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Can’t wait to see you there!

Things to Do in On day in the Gothic Quarter

The Gothic Quarter in Barcelona is steeped in history and brimming with charm. From its narrow cobbled streets, stunning architecture and historical ornament, you’ll feel as though you’ve stepped back in time.

But, we hear you ask, how many buildings in the Gothic Quarter are actually Gothic? In actual fact, fewer than you would imagine, as many of the buildings in this quarter were built in the 19th and 20th centuries. However, this doesn’t take away from the fact that this neighbourhood is one of Barcelona’s most beautiful!

This article is packed with the best tips and things to see in one day in Barcelona’s stunning Gothic Quarter – discover its most historical monuments, hidden-away squares and the history written on its walls.

Things to do in the gothic quarter
Things to Do in the Gothic Quarter

Catedral de la Santa Creu i Santa Eulàlia (Barcelona Cathedral)

Plà de la Seu

We’ll start our tour of Barcelona’s Gothic Quarter – previously known as the Cathedral Quarter – at this stunning monument. Built during the 13th and 14th centuries, this is one of the few examples of Catalan Gothic architecture in this area.  Get your tickets online here starting from €9, or visit in the morning before 12:45 or in the evening after 17:30 for free admission.

Eglésia de Santa Maria del Pi

Plaça del Pi

Another truly Gothic gem in the Gothic Quarter of Barcelona is this stunningly beautiful 14th-century church. Don’t miss its stunning stained glass rose window and its tranquil interior, which often hosts candlelit concerts.

Plaça Sant Felipe Neri

This quaint square in the Gothic Quarter is the perfect spot to escape the hustle and bustle of the city centre for a moment of peace. Yet the vestiges of its tragic past are visible on the walls of its Baroque church, which was subject to a horrific attack during the Spanish Civil War in January 1938.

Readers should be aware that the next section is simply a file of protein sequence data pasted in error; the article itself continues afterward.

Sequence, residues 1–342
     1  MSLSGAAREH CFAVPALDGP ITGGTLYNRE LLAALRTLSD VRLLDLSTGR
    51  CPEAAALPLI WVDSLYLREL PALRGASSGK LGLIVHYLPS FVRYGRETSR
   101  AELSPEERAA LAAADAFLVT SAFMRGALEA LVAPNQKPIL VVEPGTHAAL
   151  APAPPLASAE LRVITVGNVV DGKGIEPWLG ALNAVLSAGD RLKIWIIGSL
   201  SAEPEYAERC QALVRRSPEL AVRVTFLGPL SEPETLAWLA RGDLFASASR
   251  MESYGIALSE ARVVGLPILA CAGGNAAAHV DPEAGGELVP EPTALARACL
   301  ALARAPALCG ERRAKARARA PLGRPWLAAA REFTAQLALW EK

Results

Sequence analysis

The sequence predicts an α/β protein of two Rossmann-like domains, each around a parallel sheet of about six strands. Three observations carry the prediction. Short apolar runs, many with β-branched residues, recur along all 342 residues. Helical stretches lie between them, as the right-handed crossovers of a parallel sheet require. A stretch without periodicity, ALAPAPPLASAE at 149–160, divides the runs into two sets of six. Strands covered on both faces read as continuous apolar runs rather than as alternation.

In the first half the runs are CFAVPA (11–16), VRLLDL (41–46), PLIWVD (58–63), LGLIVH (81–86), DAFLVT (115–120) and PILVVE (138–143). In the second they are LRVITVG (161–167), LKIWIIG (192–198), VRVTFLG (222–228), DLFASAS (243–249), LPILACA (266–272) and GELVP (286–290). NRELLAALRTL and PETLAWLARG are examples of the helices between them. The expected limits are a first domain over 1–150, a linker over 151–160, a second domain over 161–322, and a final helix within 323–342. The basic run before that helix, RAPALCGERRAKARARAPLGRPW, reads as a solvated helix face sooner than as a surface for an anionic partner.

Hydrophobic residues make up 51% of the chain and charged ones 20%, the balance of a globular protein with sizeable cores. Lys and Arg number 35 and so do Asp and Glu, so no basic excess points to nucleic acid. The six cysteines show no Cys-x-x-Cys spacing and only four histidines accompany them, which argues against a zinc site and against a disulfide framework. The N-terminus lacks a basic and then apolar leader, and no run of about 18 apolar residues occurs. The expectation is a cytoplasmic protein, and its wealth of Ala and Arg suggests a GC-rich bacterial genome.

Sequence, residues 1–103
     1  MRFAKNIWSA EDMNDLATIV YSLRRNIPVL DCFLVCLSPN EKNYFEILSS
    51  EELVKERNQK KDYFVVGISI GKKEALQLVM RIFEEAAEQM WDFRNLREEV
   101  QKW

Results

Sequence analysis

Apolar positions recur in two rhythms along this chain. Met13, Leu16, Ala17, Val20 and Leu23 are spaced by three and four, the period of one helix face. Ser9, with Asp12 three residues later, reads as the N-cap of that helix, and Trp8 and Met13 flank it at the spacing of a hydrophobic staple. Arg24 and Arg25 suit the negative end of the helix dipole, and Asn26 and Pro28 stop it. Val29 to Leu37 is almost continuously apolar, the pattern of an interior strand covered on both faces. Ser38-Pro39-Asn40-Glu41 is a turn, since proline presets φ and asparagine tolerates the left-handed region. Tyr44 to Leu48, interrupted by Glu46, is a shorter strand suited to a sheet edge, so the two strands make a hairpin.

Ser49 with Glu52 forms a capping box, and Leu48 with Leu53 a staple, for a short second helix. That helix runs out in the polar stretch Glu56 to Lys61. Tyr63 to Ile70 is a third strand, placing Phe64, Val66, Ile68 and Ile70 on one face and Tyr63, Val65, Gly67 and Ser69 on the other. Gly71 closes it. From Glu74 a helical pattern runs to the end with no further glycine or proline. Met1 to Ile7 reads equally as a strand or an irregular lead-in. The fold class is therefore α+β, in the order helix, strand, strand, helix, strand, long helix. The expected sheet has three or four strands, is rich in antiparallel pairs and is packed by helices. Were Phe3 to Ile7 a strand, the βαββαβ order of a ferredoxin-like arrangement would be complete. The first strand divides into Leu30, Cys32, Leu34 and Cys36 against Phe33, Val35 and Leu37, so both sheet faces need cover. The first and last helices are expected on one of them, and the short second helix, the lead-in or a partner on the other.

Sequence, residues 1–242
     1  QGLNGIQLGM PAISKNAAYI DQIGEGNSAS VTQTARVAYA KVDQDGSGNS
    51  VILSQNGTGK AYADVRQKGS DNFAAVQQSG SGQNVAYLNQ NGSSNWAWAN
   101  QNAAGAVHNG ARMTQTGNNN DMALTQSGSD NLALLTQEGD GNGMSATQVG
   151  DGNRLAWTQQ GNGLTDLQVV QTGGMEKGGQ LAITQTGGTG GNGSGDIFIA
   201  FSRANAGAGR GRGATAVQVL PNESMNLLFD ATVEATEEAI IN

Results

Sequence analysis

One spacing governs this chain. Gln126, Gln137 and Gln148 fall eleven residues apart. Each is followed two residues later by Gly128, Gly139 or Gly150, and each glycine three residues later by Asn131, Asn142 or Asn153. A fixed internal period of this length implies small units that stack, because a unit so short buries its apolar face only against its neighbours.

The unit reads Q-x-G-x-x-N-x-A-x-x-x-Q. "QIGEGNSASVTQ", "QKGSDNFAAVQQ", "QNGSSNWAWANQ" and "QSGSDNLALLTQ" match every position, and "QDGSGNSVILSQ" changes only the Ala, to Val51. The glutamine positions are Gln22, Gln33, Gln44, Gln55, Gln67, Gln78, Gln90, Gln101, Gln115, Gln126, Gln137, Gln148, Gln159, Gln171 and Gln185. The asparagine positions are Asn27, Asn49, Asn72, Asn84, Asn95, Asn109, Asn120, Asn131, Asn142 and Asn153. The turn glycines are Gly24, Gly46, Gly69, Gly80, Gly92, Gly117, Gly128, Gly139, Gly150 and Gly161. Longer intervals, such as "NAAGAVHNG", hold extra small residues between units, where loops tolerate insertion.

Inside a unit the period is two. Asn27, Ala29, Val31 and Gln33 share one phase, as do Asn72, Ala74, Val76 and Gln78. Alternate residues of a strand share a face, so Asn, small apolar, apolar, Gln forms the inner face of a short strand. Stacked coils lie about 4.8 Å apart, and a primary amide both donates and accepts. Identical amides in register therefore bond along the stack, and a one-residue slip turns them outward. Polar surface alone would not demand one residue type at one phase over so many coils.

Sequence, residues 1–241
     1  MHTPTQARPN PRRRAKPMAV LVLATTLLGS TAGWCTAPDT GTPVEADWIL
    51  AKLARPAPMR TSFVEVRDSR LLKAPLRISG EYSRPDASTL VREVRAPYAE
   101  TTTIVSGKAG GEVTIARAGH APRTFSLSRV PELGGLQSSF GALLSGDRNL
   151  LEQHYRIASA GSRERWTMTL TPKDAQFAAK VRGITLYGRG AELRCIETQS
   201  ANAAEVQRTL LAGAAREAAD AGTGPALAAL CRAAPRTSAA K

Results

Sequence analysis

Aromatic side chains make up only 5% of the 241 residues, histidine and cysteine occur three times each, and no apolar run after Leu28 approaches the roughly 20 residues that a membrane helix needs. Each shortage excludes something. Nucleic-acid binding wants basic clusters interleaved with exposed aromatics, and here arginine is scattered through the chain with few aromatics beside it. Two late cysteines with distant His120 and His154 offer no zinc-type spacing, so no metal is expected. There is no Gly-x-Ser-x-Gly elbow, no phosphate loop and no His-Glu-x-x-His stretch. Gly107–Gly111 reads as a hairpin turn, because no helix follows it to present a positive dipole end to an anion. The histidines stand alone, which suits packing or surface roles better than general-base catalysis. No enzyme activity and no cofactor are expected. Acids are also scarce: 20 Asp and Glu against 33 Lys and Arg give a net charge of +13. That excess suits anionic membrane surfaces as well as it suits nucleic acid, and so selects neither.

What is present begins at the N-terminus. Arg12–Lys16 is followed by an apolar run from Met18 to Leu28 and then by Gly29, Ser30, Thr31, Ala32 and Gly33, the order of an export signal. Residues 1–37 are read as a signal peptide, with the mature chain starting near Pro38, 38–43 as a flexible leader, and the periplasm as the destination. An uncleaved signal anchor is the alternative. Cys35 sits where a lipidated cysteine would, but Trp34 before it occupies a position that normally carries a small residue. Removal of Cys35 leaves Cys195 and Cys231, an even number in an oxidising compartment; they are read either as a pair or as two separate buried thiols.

Shopping at Avinguda Portal de l’Àngel

One of Barcelona’s liveliest shopping streets can be found in the Gothic Quarter. Head south from Plaça Catalunya and you can’t miss this commercial hub. With some of the best brands – including Zara, Mango, H&M, Pull&Bear and more – you’ll be spoilt for choice.

Plaça Sant Jaume

This square in the Gothic Quarter is home to the Casa de la Ciutat (the City Council) of Barcelona, which despite being built in the 14th century, has a neoclassical façade. It’s open to the public on Sundays from 10am to 2pm and admission is free.

This square is also home to the Palau de la Generalitat de Catalunya – the seat of the Catalan government – with Gothic, Baroque and Renaissance features.

Museu d’Història de Barcelona, MUHBA

Plaça del Rei

Step back in time at the Barcelona History Museum, where you can explore the ruins of the Roman settlement of Barcino. Here you’ll find the remnants of a former fish factory, a bodega, a church and more!

‘The Kiss’ Mural

Plaça d’Isidre Nonell

One of the most photographed spots in Barcelona is in the Gothic Quarter! This unique piece of street art is made up of hundreds of mosaic photo tiles submitted by locals capturing their very own ‘moments of freedom’.

Find more instagrammable spots in the Gothic Quarter and further afield in our article.

El Pont del Bisbe (The Bishop’s Bridge)

Carrer del Bisbe

This narrow cobbled street and bridge is one of the most famous sights in the Gothic Quarter. Despite its appearance, its not even 100 years old, and was built by Joan Rubió – one of Gaudí’s disciples – to join these two buildings.

Plaça Reial

This beautiful square shaded by palm trees was once home to the Caputxins Convent. Today, its stunning architecture overlooks some of the city’s most popular nightlife spots, and you’ll often stumble across street performers and artists in one of the city’s liveliest squares.

Don’t miss the two street lamps in its centre designed by Gaudí himself. If you want to discover more pieces by the master of modernisme, check out our article here.

El Temple d’August

Carrer del Paradís, 10

This Roman temple dedicated to the Emperor Augustus is a hidden gem in the city’s Gothic Quarter. What’s left today are four beautifully preserved columns surrounded by a peaceful courtyard, just behind the cathedral.

So there you have it, our mini guide to Barcelona’s Gothic Quarter. Don’t forget to check out our apartments in the Gothic Quarter to make sure you don’t miss a thing on your trip to Barcelona.

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Best Private Clubs in Barcelona You Should Know About